Manufacturing Systems ISYE 6201
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Date Created: 11/02/15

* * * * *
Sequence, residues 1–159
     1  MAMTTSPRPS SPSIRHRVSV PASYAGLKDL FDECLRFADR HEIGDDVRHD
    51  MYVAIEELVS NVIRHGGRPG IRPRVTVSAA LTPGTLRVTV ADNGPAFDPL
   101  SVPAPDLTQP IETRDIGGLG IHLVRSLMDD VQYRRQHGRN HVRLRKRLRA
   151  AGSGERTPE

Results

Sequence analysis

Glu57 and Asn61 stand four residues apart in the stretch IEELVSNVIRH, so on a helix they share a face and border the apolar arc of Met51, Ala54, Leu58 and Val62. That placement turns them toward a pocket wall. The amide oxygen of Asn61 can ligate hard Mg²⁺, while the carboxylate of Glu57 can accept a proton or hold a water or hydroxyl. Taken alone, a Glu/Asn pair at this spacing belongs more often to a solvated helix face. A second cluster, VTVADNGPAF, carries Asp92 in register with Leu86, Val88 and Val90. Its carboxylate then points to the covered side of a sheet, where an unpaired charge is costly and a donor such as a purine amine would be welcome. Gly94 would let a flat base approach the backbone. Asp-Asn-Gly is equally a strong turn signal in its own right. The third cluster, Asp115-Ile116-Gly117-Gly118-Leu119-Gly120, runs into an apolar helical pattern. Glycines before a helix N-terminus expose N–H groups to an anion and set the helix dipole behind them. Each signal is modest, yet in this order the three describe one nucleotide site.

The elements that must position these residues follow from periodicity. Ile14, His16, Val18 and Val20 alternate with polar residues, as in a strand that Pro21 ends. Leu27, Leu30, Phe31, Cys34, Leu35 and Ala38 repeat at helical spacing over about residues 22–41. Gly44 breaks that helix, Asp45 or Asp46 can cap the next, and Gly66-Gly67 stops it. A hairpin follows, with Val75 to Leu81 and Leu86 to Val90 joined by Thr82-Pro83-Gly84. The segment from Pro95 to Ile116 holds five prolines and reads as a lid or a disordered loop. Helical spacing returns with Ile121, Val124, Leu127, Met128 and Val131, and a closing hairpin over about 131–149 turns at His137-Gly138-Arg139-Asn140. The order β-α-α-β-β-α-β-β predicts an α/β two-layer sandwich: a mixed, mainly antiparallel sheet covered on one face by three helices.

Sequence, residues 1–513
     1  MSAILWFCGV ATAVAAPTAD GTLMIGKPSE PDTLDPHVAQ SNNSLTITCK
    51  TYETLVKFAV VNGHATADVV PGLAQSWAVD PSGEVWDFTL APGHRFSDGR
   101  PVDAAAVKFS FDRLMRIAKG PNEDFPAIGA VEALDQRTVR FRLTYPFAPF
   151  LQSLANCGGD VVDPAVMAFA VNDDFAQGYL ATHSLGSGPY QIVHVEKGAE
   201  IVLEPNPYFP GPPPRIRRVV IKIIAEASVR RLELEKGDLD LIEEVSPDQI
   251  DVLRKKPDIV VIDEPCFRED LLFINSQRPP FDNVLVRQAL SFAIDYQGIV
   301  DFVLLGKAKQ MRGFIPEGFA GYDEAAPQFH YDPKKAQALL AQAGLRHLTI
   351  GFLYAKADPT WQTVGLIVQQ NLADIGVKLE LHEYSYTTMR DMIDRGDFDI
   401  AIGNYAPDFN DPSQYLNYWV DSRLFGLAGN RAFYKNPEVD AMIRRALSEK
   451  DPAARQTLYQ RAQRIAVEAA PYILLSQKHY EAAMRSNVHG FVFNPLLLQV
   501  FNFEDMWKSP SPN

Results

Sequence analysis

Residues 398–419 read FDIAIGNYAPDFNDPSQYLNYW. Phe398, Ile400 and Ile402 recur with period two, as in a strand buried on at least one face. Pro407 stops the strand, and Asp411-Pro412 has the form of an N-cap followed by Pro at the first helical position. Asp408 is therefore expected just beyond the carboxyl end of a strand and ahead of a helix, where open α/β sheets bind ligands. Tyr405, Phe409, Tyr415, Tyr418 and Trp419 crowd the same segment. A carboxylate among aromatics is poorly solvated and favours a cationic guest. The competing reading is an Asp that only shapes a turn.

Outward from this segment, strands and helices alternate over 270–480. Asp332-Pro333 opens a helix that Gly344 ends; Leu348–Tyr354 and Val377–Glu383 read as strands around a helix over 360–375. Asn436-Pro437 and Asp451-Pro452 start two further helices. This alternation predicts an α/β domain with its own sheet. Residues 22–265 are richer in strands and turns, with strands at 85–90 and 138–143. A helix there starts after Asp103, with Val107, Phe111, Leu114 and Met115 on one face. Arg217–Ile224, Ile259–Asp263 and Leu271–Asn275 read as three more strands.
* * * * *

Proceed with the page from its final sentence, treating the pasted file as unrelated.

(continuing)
Intro to Inventory Lectures ISyE 6201 Manufacturing Systems Georgia Institute of Technology Atlanta GA August 28 2001 Lecture by Dr Julie Swarm based on material from Dr Paul Griffin and Dr Jane Ammons of Georgia Tech A Raw Material 4 Production 4 DistributionResource Planning gt Plamm 1 Planmng l A l A g E g Lme m quotE g Transport 398 SChedunng g E quot Scheduling 0 8 If S A 5 O m m H Delivery a 0 Schedule lt1 0 3 Production g E IVFIVBTHOIVY t E Schedule g g anagemen g rag 57 on o m 4 Productivity Reporting System H l HT Forecasts Forecasting Sales Transactions Promotions lt PurchasingEgt ProductioJ Warehouse2 Distribution sales gt Lecture by Dr Julie Swann based on material from Dr Paul Griffin and Dr Jane Ammons of Georgia Tech What Is Inventory Supplier Customer Material that has been purchased from a supplier may have been partially or completely converted but not yet sold to the customer we own it if it gets stolen it is our loss Lecture by Dr Julie Swarm based on material from Dr Paul Griffin and Dr Jane Ammons of Georgia Tech Types of Inventory Supplier Customer raw materials work1nprocess components nished goods Lecture by Dr Julie Swann based on material from Dr Paul Griffin and Dr Jane Ammons of Georgia Tech Inventory Issues Demand Constant vs variable Known vs random Lead time 5 time units Review time continuous vs periodic Excess demand backorders lost sales Inventory change perishability obsolescence Lecture by Dr Julie Swann based on material from Dr Paul Griffin and Dr Jane Ammons of Georgia Tech Why Hold Inventory To balance against uncertainty safety To ensure a high level of customer service location Economies of scale in production or purchasing batch Processing and movement pipeline Time varying demand or supply patterns seasonal Speculation on future events speculative Independence of stages in value chain buffer decouple Lecture by Dr Julie Swarm based on material from Dr Paul Griffin and Dr Jane Ammons of Georgia Tech TWO CUSTOMERS EACH CUSTOMER ORDERS ONE UNIT PER WEEK REPLENISHMENT ORDERS ARE PLACED EVERY TWO WEEKS THERE IS ZERO REPLENISHMENT LEAD TIME WHAT IS THE AVERAGE INVENTORY Lecture by Dr Julie Swarm based on material from Dr Paul Griffin and Dr Jane Ammons of Georgia Tech TWO CUSTOMERS EACH CUSTOMER ORDERS 2 UNITS HALF THE TIME 0 UNITS HALF THE TIME ORDER QUANTITY IS quotRANDOMquot REPLENISHMENT ORDERS ARE PLACED EVERY TWO WEEKS THERE IS ZERO REPLENISHMENT LEAD TIME WHAT IS THE AVERAGE INVENTORY Lecture by Dr Julie Swarm based on material from Dr Paul Griffin and Dr Jane Ammons of Georgia Tech TWO CUSTOMERS EACH CUSTOMER ORDERS 2 UNITS HALF THE TIME 0 UNITS HALF THE TIME ORDER QUANTITY IS quotRANDOMquot REPLENISHMENT ORDERS ARE PLACED EVERY TWO WEEKS REPLENISHMENT LEAD TIME IS ONE WEEK WHAT IS THE AVERAGE INVENTORY Lecture by Dr Julie Swarm based on material from Dr Paul Griffin and Dr Jane Ammons of Georgia Tech LEAD TIME UNCERTAINTY INVENTORY TO IMPROVE SYSTEM PERFORMANCE REDUCE MATERIAL LEAD TIMES REDUCE INFORMATION DELAY TIMES IMPROVE QUALITY OF INFORMATION Lecture by Dr Julie Swarm based on material from Dr Paul Griffin and Dr Jane Ammons of Georgia Tech Simple Decision Support Policy Economic Order Quantity EOQ Developed by Harris in 1913 Interest on capital tied up in wages material and overhead sets a maximum limit to the quantity of parts which can be pro tably manufactured at one time setup costs on the job x the minimum Experience has shown one way to determine the economical size of lots Lecture by Dr Julie Swarm based on material from Dr Paul Griffin and Dr Jane Ammons of Georgia Tech Harris Insight 0 Setup cost is the sum total of the labor and material cost to ready the shop to produce a product 0 Large lots reduce setup costs but small lots reduce inventory We need to strike a balance between these two concerns Lecture by Dr Julie Swarm based on material from Dr Paul Griffin and Dr Jane Ammons of Georgia Tech Assumptions Production is instantaneous 0 Delivery is immediate Demand is constant over time A production run incurs a constant setup cost Products can be analyzed singly No production capacity limits Lecture by Dr Julie Swarm based on material from Dr Paul Griffin and Dr Jane Ammons of Georgia Tech Notation D demand rate unitsyear c unit production cost 7 Q unit A constant setup cost E gt h holding cost z39c g unityear Q lot size units T T time between orders QD ZQD T T1me Lecture by Dr Julie Swarm based on material from Dr Paul Griffin and Dr Jane Ammons of Georgia Tech unit EOQ Formula Total cost Holding Cost Q2h Replenishment Cost A DQ Holding cost Q Setup cost Lot Size Lecture by Dr Julie Swann based on material from Dr Paul Griffin and Dr Jane Ammons of Georgia Tech Example 0 Three Minute Maid products orange juice 0 fruit punch FF and apple juice AJ 0 We have following data A h D OJ 110 30 3000 PP 100 30 100 AJ 100 30 700 0 Compute Qilt and T values What are some problems Lecture by Dr Julie Swann based on material from Dr Paul Griffin and Dr Jane Ammons of Georgia Tech Some Variations Leadtime isn t instantaneous dug W Q h leadtime Production isn t instantaneous Economic Production Lot Model 2AD PD D Q h1 D P Lecture by Dr Julie Swann based on material from Dr Paul Griffin and Dr Jane Ammons of Georgia Tech PDQP Lecture 1 Slides lSyE 6201 Manufacturing Systems Georgia Institute of Technology Atlanta GA August 20 2002 Lecture by Dr Julie L Swarm Material courtesy of Dr Paul Grif n and Dr Pinar Keskinocak ISyE Ga Tech The Enterprise Environment A V Firm I V A Enterprise Components PPPPP CT Environment F v it im 4 MAT IAL I it mm Structure or content resources Activities or behavior operations Resources Capital plant equipment Financial cash stock borrowing capacity Human people Goods product amp material inventories Information data contacts recipes Intellectual patents trademarks Infrastructure dist n channels corporate culture Privileges franchise mineral rights Operations Transform the portfolio of resources Eg assemble parts into a product Eg use people and equipment to develop a new product concept E g transact with a customer to exchange products for money The Manufacturing Enterprise 0 a portfolio of resources 0 deployed through a network of activities 0 to create value for a customer 0 by producing and delivering a product 0 in order to create economic pro t for its owners What Is A Supply Chain The network of manufacturing and distribution sites that interact in order to procure and transform raw materials for producing nished goods to customers Supply Chain Manufacturers Warehouses Customers Raw Material 1II12H i c Procurement Production Distribution Supply Chain for Beverage Provider A Suppliers f Concentrate Plant 0 Bottling Plants l Distribution Centers Q Customers i HEB Eile Eiew ata Sglect ites Lanes Eruducts Models Sglve Eesults graphics Ianls 1 143558 e39 3111 D1 8 351335 rni 15533 Supply Chain Management Supply Chain Management SCJW is the management of material and information ows in and between the di erent parts of the Supply Chain Deliver the right product to the right place at the right time for the right price While minimizing systemWide costs and satisfying service requirements Key Supply Chain Processes Company Concentrate i hulls 5t humfactu r Eng Consumers 4 Customers Distribution Consumer and customer service systems strategy Consumer and customer service systems planning Demand management and operations planning Warehousing and transportation Manufacturing Infrastructure planning and development Individual and organizational development Source Steve Bu mgton Supply Chain Decisions Strategic Level l Tactical l Operational V Long Term Medium Term Near Term 0 Corporate Objectives 0 Capacity 0 Facilities 0 Location Resources 0 Aggregate Planning 0 Resource Allocation 0 Capacity Allocation Distribution MPS Raw Material 0 Scheduling What is c Maufacturi Manus hand Factus make 1 Value Added O gt0 gt 33 Starting Material in Processed Material Processing Material Manufacturing is the realization of product Customer Value Drivers E COST E QUALITY E SPEED E INNOVATION Cost Quality Speed and Innovation are the core manufacturing competencies essential to success They are the essential ways to creating value for customers and the basis for competition The Manufacturing Function Raw Material 4 Production 4 DiStfibUtiOHIReSOUTCC Planning Planning Planmng l A A l A 8 quotE E Line g FE Transport 395 g scheduling g E 5 Scheduling O 1 t m m 94 quot Delivery a 0 Schedule 0 PC 0 3 Forecasting Production a 3 Inventory 3 Schedule E 5 Management E g 5 m H1story 5 lt5 A A 0 BASIS A Sales Productivity Reporting System Transactions l T l l T Promotions lt PurchasingEgt ProductioJ Warehouse2 Distribution Sales gt Supports for Materials Management Information Buffers Capacity Inventory Leadtime Pricing Control Cost of Capacity A new semiconductor fab may cost US46 billion The nance cost can be 600 million per year An engine line for GM can cost as much as 150 millionand there is at least one line for every different engine model Idle capacity is a CEO s nightmare Where is your capacity What does it cost Cost of Inventory KO revenues in 1998 were 2355 billion The cost of goods sold was 36 of revenue Suppose inventory turns once per month The prime rate today is 825 The cost to KO to nance inventory is roughly 70 million per year Actual inventory costs are considerably higher due to insurance facilities taxes etc Customers Want Speed Jiffy Lube Domino s 30 Minute Guarantee 1 Hour Film Development Products usually have substitutes As such if the product isn t delivered when the customer wants it in the quantities desired customers will switch brands Why need operations management PRESSURES FROM TODAY39S COMPETITIVE ENVIRONMENT Rapidly changing demand and market conditions Diversity of customer requirements in global markets Demands for mass customizationproduct variety Short product life cycles Why need operations management 0 Compaq computer estimates it lost 500 million to 1 billion in sales in 1995 because its laptops and desktops were not available when and where customers were ready to buy them 0 In 1993 IBM lost a major fraction of its potential sales of desktop computers because it could not purchase enough chips that control the computer displays 0 Boeing Aircraft one of America39s leading capital goods producers was forced to announce writedowns of 26 billion in October 1997 0 The reason Raw material shortages internal and supplier parts shortagesquot Wall Street Journal Oct 23 1997 Why need operations management PRESSURES FROM TODAY39S COMPETITIVE ENVIRONMENT Rapidly changing market and demand conditions Need exibility and shorter time tomarket Short InnovationProduct Development Cycles Inventory becomes a major risk Why need operations management During the decade from the mid3980s to the mid3990s IBM and Digital lost 80 billion in market value while new specialized business designs by Intel Microsoft and others gained 80 billion from the book Value Migration by Slywotzk Dell Computers predicts a loss stock plunges Dell acknowledged that the company was sharply off in its forecast of demand resulting in inventory writedownsquot WSJ August 1993 Liz Claiborne said its unexpected earnings decline is the consequence of higher than anticipated excess inventoriesquot WSJ August 1993 When Palm formally reported its quarterly numbers in June the damage was gruesome Its loss totaled 392 million a big chunk of which was attributable to writing down excess inventory piles of unsold devices The Industry Standard June 16 2001 Why need operations management 0 Nortel posts 192 billion loss for the second quarter Inventory writedowns of 152 billion Lays off 20000 employees Nortel CEO John Roth quotIt was only in October that customers stopped beating me up for not shipping fast enough and now they say 39Ship What I don39t need it June 2001 The Industry Standard Why need operations management Apple Computer has reported a record 740 million second quarter loss in 1997 huge writedowns of inventories which climbed nearly 2 million increased outsourcing of various operational functions 0 liquidation of certain assets reductions in total headcount 2800 jobs over the next 12 months quotAlmost every single smart etailer is moving to stock more and more Julie Wainwright CEO of petsupplies site 1 1 1999 In November 2000 Petscom announced it was closing Amazoncom 100 million items in stock 276 billion in sales in 2000 0 Inventory turnover rate 17 or 18 times a year compared to 6 to 8 times in a bricksandmortar store Issues in production Flexibility 0 Ability to produce different products simultaneously and efficiently 0 Ability to produce new products efficiently 0 Efficiency 0 Low cost 0 Short lead time 0 Reliability 0 Ontirne delivery 0 Quality Dell performance DELL IS A MASTEI39I AT MANAGING lNIIENT I39IV DAV INVENTURV ANI39I TllI39INING SALES INT GASN FAST D L L mumunnmu YancMHuN ausHauD Haw 1D2y 13Bmmn mumunnmu mmcMHuN ausHauD my 3501 5399an MAKING IT TOPS IN NIGNTEGN PI39IDFITABILITV mswmmmm mum wwsn urrnimvmwwnnmxmu m4wa Dell model Suppliers maintain nearby ship points delivery time 15 minutes To 1 hour Suppliers own inventory until used in production Demand forecasting is critical changes are shared immediately within Dell and with supply base Customers frequently steered to recommended configurations with high availability to balance supply and demand Demand pull throughout value chain information for inventory substitution Focused on strategic partnerships suppliers down from 200 to 47 External logistics supplier used to manage inbound supply chain